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What Really is "Thanksgiving?"


Thanksgiving is an interesting and unusual holiday. It is the only holiday to occur regularly in the middle of the week. It does not have the “significance” of Christmas, the modern glamor of Halloween, or the explicitly Christian meaning of Easter. For many Americans, it is “Turkey Day” – that is punctuated by watching the Detroit Lions and Dallas Cowboys play football. It is an opportunity to forget any diet, and to gather around a table filled with delicious smells and sights.

But recently Thanksgiving has been changing. No longer is there only one football game. Many of my friends now serve – horror of horrors! – ham or roast instead of turkey. And howls of protest about how the symbol of American consumer excess, Black Friday, has now invaded Thanksgiving Day itself. Is this just another symbol of change in America? Will I have to give up my favorite holiday of the year?

The_First_Thanksgiving_cph.3g04961I think that the answer lies in the “reason for the season” (to borrow a phrase). Thanksgiving reminds us of our Pilgrim forefathers, with images of a feast attended by black hatted men and feathered Native Americans. But that first Thanksgiving was born from thankfulness of having survived a grueling and deadly sea journey and winter. The journey had taken 66 days to make, and nearly half of the travelers did not survive the trip and hard winter. However, when spring came and the captain of the Mayflower offered free passage to anyone desiring to return, not a single person accepted. How can this be? Can we imagine similar hardiness among Americans who trampled each other over big screen televisions last year?

The difference is not in the thankfulness of the Pilgrims, but in the One to Whom they were thankful. They knew that all of their days were in the hands of the Lord God, who made heaven and earth (Psalm 124:8). They were thankful for what He had provided, and how He was present in their lives. This acknowledgement of the Lord was at the very beginning of our nation, in President George Washington’s Proclamation:

washington-issued-the-first-thanksgiving-proclamation-in-1789WHEREAS, It is the duty of all nations to acknowledge the providence of Almighty God, to obey His will, to be grateful for His benefits, and humbly to implore His protection and favor;

WHEREAS, Both the houses of Congress have, by their joint committee, requested me “to recommend to the people of the United States a day of public thanksgiving and prayer, to be observed by acknowledging with grateful hearts the many and signal favors of Almighty God, especially by affording them an opportunity peaceably to establish a form of government for their safety and happiness”!

Now, therefore, I do recommend next, to be devoted by the people of the states to the service of that great and glorious Being, who is the beneficent Author of all the good that was, that is, or that will be, that we may then all unite in rendering unto Him our sincere and humble thanks for His kind care and protection of the people of this country.

Are you thankful this day for all that the Lord has blessed you with? Thankful for your family? For your health – for life itself? For the freedom that allows you right now to read these words, and for me to write them? For the roof over your head, and for the food in your home? It may help us to realize that most of the world, both today and throughout history, has not possessed such grand blessings. Contrary to what we think, these blessings are not “rights” that automatically come to us. They come from our Lord, and should cause us to be thankful, along with the Psalmist:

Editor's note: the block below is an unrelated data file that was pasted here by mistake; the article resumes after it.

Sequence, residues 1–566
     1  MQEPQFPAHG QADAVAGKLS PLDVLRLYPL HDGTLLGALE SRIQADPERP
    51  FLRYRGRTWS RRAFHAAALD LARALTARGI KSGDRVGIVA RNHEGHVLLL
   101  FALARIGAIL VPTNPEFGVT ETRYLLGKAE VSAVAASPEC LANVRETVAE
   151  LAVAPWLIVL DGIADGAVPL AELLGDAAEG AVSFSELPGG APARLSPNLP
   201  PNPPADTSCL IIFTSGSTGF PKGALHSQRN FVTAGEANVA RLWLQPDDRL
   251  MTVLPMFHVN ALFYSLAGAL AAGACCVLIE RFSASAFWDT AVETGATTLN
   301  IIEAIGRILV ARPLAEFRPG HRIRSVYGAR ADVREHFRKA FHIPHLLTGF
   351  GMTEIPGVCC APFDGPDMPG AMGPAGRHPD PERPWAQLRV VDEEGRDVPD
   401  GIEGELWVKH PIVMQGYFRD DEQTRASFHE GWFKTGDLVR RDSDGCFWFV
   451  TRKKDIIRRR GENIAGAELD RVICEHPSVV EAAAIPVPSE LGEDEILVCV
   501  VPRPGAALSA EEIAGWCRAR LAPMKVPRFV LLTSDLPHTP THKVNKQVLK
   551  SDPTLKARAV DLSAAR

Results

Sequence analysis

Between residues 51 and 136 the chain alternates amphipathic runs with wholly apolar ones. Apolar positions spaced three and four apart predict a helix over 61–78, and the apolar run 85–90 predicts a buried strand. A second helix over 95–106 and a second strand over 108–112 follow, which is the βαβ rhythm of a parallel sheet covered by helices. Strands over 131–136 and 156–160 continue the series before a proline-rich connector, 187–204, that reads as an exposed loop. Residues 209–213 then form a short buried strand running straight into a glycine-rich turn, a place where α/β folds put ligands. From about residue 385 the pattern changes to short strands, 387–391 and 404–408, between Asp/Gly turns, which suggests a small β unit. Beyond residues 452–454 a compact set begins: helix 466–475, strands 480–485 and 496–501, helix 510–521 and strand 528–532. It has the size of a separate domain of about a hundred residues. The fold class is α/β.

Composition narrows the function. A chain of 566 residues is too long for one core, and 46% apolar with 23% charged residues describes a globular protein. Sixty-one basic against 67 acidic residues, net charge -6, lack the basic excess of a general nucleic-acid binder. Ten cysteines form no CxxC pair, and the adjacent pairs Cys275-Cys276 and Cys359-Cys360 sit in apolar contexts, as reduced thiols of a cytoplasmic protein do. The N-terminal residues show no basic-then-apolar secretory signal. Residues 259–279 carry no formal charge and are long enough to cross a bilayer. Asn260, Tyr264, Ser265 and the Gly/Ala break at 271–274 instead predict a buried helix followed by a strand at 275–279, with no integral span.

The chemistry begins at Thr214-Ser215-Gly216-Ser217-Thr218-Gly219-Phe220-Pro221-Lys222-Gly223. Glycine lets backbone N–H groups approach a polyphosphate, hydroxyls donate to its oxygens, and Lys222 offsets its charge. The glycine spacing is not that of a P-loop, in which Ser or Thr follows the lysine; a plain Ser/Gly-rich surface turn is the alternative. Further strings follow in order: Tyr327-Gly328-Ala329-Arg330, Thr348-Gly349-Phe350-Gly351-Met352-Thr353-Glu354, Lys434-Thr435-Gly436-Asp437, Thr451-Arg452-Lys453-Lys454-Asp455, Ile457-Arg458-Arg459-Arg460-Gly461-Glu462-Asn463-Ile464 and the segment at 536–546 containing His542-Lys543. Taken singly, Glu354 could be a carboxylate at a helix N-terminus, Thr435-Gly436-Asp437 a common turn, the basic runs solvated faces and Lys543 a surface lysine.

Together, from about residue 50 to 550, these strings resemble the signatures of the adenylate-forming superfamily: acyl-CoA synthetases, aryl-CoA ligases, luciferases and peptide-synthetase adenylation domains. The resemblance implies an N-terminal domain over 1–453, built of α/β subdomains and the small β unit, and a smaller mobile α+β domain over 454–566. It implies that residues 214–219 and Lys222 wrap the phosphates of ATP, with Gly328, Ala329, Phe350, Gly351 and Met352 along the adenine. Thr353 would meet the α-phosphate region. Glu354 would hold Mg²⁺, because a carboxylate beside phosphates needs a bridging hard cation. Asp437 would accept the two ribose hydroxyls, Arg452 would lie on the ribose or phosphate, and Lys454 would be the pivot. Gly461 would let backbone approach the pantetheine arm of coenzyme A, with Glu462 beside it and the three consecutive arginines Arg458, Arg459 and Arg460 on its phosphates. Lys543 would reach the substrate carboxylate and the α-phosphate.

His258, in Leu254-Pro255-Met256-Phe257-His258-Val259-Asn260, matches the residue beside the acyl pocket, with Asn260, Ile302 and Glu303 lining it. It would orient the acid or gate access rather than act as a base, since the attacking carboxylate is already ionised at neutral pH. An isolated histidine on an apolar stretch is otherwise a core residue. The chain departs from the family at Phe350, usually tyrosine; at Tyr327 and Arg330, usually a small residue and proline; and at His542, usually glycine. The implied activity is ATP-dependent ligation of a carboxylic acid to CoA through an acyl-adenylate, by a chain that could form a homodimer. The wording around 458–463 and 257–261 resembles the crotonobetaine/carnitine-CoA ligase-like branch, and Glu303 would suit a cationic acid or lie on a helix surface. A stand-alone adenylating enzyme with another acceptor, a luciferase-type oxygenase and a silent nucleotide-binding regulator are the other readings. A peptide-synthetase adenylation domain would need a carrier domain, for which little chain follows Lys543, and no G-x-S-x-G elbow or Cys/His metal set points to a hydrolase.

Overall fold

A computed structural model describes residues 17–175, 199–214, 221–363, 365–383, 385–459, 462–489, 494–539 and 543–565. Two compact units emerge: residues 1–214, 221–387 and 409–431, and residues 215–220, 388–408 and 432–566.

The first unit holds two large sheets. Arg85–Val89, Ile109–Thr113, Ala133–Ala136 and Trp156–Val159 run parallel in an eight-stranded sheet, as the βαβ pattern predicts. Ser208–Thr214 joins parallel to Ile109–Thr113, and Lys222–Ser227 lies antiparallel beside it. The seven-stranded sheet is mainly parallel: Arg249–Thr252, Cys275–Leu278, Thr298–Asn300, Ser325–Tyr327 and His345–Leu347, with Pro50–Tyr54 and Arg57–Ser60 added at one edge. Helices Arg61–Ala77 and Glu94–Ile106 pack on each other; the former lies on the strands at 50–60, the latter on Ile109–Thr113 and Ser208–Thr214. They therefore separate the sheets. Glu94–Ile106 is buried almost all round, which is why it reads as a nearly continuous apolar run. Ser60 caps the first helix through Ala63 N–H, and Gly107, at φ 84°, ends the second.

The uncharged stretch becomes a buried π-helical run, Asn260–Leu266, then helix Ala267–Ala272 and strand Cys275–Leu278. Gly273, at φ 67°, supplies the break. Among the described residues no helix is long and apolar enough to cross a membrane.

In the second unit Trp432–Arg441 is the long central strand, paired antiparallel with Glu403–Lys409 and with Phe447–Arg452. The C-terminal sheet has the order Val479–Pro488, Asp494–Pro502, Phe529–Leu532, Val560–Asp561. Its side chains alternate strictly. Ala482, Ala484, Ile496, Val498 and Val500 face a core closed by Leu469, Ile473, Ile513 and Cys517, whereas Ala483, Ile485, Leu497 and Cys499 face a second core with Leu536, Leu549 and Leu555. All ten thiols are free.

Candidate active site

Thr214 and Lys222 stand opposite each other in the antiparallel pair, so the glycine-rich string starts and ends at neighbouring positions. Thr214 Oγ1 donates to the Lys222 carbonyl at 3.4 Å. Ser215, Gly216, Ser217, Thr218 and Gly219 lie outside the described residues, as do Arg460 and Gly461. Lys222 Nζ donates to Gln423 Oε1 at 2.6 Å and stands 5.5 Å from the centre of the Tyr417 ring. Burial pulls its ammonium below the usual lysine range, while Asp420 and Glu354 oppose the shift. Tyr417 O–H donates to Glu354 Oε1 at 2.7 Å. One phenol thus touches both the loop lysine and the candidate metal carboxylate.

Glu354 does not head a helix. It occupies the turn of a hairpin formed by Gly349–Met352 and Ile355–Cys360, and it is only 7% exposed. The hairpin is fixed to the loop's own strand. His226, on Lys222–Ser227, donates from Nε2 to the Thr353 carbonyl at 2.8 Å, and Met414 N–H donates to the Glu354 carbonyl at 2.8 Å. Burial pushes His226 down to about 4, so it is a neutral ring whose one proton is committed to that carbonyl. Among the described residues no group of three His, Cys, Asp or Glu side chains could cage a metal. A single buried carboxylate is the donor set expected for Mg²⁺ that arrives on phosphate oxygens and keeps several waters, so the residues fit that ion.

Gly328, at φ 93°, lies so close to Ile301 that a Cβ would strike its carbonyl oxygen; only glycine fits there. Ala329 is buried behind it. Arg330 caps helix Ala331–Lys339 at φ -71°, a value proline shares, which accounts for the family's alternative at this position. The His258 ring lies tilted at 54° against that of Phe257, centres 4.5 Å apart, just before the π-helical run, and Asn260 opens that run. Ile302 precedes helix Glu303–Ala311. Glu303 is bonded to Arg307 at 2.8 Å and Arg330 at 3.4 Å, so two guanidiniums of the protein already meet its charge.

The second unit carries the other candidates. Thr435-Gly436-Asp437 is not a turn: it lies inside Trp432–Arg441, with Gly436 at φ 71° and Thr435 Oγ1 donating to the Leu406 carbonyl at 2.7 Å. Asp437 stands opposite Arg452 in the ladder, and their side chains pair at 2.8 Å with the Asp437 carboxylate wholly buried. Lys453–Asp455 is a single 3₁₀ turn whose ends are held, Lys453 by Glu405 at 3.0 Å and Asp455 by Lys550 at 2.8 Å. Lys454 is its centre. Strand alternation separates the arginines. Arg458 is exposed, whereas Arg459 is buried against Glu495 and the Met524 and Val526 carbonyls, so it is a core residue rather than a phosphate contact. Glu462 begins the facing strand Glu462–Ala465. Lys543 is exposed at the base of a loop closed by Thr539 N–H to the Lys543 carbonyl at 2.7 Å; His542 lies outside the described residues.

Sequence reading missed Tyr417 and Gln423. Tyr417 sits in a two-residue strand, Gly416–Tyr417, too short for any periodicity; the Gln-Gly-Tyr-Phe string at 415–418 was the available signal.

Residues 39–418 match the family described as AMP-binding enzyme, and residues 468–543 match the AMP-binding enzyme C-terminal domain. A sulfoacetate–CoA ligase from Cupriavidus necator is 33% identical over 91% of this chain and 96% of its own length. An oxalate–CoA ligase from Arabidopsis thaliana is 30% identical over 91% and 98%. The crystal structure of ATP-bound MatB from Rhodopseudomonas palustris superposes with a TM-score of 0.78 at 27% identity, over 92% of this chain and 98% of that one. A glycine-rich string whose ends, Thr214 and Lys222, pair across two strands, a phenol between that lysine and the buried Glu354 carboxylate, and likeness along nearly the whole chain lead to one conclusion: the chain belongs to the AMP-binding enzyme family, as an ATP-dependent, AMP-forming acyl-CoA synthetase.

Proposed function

What shall I render to the LORD for all his benefits to me? I will lift up the cup of salvation and call on the name of the LORD, I will pay my vows to the LORD in the presence of all his people. (Psalm 116:12–14)

So today, as you bask in the warm glow of Thanksgiving, in the blessed time of fellowship with friends and family around a table that delights the eyes, nose and mouth, remember to give thanks to the Lord for all with which He has blessed you. Give Him thanks and praise His name:

Oh give thanks to the LORD; call upon his name; make known his deeds among the peoples! Sing to him, sing praises to him; tell of all his wondrous works! Glory in his holy name; let the hearts of those who seek the LORD rejoice! (1 Chronicles 16:8–10)

And if, by God’s Providence, you are experiencing a time of difficulty, remember that your hope is in the Lord, and that the best thing for your soul is to run to Him with thanksgiving in all circumstances. The Lord knows your pain and trials – He sent His Son to endure the suffering and shame of the cross that you might know Him, have victory over sin, and dwell with Him forever. The Apostle Paul, no stranger himself to pain and heartache, wrote words for us to live by this Thanksgiving Day:

Give thanks in all circumstances; for this is the will of God in Christ Jesus for you. (1 Thessalonians 5:18)

Have a blessed Thanksgiving Day!



It is truly unfortunate that our current President chose to exclude any reference to the Almighty God in his Thanksgiving message. Guess they never taught what the holiday was for in Organizing 101.

I don't think I've heard about the pilgrims since I was in elementary school. I enjoyed reading this bit of History about them and how their faith was in Christ alone. Thank you for this!

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